Intended for healthcare professionals


High security facilities must not be closed until viable alternatives are in place

BMJ 1999; 319 doi: (Published 03 July 1999) Cite this as: BMJ 1999;319:59
  1. Kapil Sayal, Specialist registrar (,
  2. Anthony Maden, Senior lecturer
  1. Maudsley Hospital, London SE5 8AF
  2. Department of Forensic Psychiatry, Institute of Psychiatry, London SE5 8AZ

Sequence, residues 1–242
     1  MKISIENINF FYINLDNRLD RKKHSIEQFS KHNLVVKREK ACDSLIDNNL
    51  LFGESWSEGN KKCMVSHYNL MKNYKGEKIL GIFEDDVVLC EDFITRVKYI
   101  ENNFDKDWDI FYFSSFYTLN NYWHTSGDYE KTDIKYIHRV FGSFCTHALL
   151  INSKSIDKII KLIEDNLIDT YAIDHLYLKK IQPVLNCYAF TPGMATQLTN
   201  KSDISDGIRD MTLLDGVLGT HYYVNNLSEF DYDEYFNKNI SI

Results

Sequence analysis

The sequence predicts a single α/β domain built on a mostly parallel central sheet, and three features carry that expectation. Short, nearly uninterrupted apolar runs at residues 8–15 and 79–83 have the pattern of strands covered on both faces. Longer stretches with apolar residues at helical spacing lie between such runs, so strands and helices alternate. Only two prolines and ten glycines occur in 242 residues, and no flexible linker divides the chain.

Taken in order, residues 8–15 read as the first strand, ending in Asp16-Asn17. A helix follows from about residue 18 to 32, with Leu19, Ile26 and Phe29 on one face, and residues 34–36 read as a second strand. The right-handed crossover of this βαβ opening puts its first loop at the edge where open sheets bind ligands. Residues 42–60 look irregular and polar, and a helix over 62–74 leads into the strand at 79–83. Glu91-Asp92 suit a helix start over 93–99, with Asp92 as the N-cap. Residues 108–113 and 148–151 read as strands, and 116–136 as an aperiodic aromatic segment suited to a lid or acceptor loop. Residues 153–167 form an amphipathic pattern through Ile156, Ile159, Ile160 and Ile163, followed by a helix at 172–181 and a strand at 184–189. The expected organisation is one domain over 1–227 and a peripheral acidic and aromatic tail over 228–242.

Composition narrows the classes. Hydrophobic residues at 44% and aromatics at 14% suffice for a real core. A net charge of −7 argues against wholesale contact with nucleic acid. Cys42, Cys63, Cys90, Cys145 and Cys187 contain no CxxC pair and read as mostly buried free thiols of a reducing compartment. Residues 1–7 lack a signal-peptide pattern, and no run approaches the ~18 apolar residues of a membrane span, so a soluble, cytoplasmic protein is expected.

EDITOR—The future of special hospitals, including the possibility of closure, has been much debated.1 2 Although it is assumed that up to one third of the current 1400 patients could be managed in long term medium security,3 most of the research underpinning this assumption may be out of date.4 Special hospitals have tightened their admission criteria and have fewer elderly patients than they used to; these patients have been replaced by younger and more dangerous patients. …

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